Recipe: Peppernotter -- Scandinavian Christmas cookies

by Julie Snyder

Peppernotter cookiesScandinavian families traditionally bake a lot around the holidays. It could be the cold, dark days need warmed up with cookies and coffee or it might be a carryover from early centuries when the number of different kinds of cookies reflected a family's wealth.

I didn't think we were rolling in riches, but I did know our holiday traditions gave a special gift. Baking with mom -- it was the substance of holiday memories. She said that these cookies were made with butter and love.

Now, I make them with my kids. It seems each bite brings a picture of Christmas past! Bake up a batch of Peppernotter and start making those special memories with your family.

Peppernotter cookies

Prep time: 20 minutes | Total time: 80 minutes | Yield: 60 cookies


• 1 cup butter
• 1 1/3 cups sugar
• 1/3 cup sour cream
• 1 teaspoon baking soda
• 1 teaspoon baking powder
• 3/4 teaspoon black pepper
• 1 1/2 teaspoon cardamom
• 2 teaspoons cinnamon
• 1/2 teaspoon ginger
• 1 egg
• 4 cups flour
• 2/3 cups almonds, finely chopped (optional)


Preheat the oven to 350 F.

Mix together the flour, baking powder, pepper, cardamom, cinnamon and ginger. Set aside.

In a large bowl, cream the butter and sugar together. In a small bowl, combine the sour cream and baking powder. Add to the creamed mixture. Beat in the egg.

Add the dry ingredients and mix well. Roll the dough into 1-inch balls and place about 1 inch apart on an ungreased cookie sheet..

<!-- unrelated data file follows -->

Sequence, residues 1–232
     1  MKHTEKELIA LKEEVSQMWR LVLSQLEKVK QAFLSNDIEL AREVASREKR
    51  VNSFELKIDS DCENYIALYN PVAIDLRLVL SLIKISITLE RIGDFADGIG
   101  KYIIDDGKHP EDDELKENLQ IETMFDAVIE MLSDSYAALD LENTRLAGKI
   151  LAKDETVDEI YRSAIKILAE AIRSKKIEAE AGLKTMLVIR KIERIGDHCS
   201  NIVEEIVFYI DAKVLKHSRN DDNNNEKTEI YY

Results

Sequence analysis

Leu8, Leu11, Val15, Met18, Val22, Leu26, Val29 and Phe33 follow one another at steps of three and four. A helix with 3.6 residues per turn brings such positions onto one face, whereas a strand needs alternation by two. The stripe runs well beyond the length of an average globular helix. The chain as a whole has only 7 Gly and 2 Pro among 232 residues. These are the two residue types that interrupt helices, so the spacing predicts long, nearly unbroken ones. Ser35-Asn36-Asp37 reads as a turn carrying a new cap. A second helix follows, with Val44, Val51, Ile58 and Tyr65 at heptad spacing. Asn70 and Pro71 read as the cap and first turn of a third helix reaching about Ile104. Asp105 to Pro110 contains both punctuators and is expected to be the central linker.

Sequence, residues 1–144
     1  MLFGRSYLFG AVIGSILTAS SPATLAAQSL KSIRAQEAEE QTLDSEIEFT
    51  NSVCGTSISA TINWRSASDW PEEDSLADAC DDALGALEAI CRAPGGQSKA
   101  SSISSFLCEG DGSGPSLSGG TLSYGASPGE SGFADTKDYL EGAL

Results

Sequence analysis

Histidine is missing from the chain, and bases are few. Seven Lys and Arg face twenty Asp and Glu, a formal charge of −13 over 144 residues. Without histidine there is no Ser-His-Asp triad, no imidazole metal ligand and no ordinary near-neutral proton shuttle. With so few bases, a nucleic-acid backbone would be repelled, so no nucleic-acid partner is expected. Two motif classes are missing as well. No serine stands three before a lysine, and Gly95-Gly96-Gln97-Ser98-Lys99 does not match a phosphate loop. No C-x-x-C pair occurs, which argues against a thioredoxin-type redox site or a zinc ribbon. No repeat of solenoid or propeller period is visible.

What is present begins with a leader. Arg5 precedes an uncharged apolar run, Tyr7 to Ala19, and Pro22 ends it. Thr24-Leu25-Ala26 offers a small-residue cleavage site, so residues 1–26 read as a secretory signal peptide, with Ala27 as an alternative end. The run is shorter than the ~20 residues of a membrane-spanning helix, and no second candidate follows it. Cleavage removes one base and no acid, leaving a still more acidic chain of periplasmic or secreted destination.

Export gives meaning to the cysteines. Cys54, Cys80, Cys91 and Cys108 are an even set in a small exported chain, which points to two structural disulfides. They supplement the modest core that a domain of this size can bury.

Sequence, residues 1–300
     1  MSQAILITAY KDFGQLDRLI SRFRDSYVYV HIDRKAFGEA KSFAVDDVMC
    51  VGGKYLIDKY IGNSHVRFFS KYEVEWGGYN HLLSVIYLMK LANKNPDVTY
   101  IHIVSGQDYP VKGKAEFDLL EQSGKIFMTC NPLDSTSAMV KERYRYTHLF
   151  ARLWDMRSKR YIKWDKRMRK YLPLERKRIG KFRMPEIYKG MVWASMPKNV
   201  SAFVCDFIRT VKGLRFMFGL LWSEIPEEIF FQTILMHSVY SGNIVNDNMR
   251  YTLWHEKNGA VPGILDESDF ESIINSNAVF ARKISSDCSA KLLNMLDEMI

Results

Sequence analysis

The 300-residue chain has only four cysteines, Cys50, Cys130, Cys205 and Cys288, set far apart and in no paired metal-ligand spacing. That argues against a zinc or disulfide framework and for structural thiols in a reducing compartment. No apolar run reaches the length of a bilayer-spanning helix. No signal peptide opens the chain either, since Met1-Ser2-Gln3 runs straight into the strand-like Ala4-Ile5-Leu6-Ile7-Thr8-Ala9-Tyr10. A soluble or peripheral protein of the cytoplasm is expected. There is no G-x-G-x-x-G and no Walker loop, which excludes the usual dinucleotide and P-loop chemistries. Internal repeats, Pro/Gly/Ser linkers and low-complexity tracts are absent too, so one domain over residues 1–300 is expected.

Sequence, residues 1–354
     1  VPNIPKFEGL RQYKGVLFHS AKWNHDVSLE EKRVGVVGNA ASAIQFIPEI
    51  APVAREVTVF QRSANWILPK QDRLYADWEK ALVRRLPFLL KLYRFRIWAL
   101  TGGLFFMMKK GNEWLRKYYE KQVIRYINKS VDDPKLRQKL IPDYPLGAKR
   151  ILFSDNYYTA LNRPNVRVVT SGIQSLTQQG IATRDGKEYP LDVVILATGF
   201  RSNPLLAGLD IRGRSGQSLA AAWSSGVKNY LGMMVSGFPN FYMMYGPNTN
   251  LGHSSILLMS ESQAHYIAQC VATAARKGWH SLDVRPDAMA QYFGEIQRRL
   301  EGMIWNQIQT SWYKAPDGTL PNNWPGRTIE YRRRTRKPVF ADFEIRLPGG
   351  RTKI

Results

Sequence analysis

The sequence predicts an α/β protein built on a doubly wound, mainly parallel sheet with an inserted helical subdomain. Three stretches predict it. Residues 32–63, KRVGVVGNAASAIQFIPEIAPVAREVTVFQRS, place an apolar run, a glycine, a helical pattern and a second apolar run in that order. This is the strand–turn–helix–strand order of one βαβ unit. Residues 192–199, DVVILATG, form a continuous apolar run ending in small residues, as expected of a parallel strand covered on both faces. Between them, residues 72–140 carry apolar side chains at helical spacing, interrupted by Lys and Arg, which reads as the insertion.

For crispy cookies, press the tops with a fork. Bake until golden brown, about 12 minutes. For soft cookies, do not press down the tops. Bake about 9 minutes. Remove immediately to a cooling rack.

Cook's note

Peppernotter, pepper nuts, are among the oldest Christmas cookie in Scandinavia and Europe. They date back to medieval times when spices were used exclusively for holiday baking.

Recipes for Scandinavian Christmas cookies have been handed down from generation to generation, often orally. They might vary between families and location, but timeless favorites exist, even overlapping national borders.

Our family made a glaze of 1/2 cup confectioners' sugar and 1 1/2 teaspoons water and drizzled a small swirl on each cookie while it was still warm.

Does your family have a traditional holiday cookie recipe?

Photo courtesy of iStockphoto.